Kari A Lerum
B CUSP 107
Through collaborative and interdisciplinary learning, students develop a knowledge base, skills, habits of inquiry, and imaginative vision. Focuses on individuals, society. Offered: A.
"American Idol(s): How Stories shape Culture and Identity" With Professors Amoshaun Toft and Kari Lerum
This course is linked with B CUSP 104, and thus 10 credits total
We understand ourselves and others through the stories we hear and tell. Such stories are found everywhere — including CNN, religious sermons, Facebook status updates, and “American Idol”: all tell stories about our imagined place in the world. But not all stories are created equal: Why do some stories gain more social power than others? How does the social status of the messenger and the cultural, economic, and political context impact the influence of any given story? Furthermore, how can we thoughtfully and competently construct and tell our own stories using digital tools?
We will explore these questions by drawing on academic work in sociology, communication, and cultural studies, by comparing and contrasting examples of popular cultural stories, and by producing our own stories using digital and social medias. We will critically reflect upon the relationship between self-identity and the stories told in a variety of institutions and cultural sites, including mainstream media (CNN, Oprah, MTV, Hollywood), religion, politics, academic disciplines (sociology, anthropology, communications, global health, geography), live art (theater, performance art) and alternative medias (pirate radio, graphic novels) We will engage in a series of production assignments, learning how to tell compelling stories through photography, film, and other forms of creative production and scholarly writing.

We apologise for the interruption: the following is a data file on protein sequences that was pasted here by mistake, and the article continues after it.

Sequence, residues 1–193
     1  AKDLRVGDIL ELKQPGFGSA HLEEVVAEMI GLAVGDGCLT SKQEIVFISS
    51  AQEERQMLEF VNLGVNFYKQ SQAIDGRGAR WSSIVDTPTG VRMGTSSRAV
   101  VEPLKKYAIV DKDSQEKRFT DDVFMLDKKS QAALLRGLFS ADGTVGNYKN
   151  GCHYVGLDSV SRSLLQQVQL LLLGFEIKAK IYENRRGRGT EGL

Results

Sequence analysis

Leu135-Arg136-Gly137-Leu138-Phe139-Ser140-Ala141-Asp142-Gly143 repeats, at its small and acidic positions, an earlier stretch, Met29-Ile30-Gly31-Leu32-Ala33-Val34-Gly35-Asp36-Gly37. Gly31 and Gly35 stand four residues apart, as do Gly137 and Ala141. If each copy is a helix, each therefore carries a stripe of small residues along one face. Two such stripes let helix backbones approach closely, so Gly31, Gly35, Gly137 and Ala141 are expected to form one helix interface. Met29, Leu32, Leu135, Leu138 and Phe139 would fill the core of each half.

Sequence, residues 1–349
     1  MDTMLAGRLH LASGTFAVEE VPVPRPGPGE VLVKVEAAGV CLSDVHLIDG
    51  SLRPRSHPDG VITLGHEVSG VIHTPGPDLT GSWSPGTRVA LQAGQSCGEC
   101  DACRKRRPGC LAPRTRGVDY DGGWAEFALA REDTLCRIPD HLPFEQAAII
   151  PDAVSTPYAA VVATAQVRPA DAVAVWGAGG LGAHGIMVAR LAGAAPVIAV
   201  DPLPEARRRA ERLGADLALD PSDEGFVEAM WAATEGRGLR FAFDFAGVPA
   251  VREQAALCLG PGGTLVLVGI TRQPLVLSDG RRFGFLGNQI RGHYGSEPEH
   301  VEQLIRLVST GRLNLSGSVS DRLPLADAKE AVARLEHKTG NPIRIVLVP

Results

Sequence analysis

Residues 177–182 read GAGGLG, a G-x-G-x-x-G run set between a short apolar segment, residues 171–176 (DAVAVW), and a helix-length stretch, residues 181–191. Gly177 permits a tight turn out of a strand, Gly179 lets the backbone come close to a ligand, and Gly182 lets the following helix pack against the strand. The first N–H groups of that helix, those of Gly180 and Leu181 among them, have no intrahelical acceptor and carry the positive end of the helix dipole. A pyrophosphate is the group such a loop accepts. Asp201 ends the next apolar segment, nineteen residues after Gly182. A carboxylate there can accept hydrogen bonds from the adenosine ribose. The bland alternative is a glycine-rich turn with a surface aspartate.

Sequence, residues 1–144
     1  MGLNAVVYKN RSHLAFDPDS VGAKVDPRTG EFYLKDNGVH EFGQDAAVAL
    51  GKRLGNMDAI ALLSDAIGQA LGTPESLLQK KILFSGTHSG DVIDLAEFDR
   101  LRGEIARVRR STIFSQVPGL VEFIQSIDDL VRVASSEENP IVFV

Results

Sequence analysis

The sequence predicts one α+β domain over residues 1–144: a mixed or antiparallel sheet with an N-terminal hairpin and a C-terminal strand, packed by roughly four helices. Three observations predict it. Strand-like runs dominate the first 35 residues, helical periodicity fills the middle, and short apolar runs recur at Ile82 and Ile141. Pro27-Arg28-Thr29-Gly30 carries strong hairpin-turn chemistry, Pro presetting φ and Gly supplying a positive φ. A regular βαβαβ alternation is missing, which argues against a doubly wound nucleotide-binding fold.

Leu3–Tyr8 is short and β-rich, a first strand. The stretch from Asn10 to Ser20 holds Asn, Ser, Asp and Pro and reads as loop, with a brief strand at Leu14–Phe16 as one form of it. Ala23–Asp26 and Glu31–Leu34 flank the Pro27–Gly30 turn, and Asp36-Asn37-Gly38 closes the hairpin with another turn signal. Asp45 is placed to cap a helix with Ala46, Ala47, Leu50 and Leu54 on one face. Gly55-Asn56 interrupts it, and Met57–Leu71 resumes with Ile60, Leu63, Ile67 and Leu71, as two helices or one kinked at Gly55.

Student learning goals
Students should leave this course with the ability to:
-Understand what constitutes a “scholarly” source of knowledge -Identify major US institutions and explain their roles in shaping American and Global cultures -Employ principles of Media Literacy (including both analysis of media as well as media production) -Move from opinion to thoughtful critique and analysis -Understand and appreciate the ethics of research and documentation, and how this varies by occupational sector (e.g. journalism vs. academia)
General method of instruction
This course will be very "hands-on", with a mixture of lectures, interactive class exercises, and preliminary training in media production.
No prerequisites necessary, just a willingness to learn new concepts and practice new skills.
Class assignments and grading
Class assignments will be a mixture of reflective writing, quizzes, short essays, and creative collaborative and individual assignments. Each student will create their own personal "digital story" (3-5 minute autobiographical film).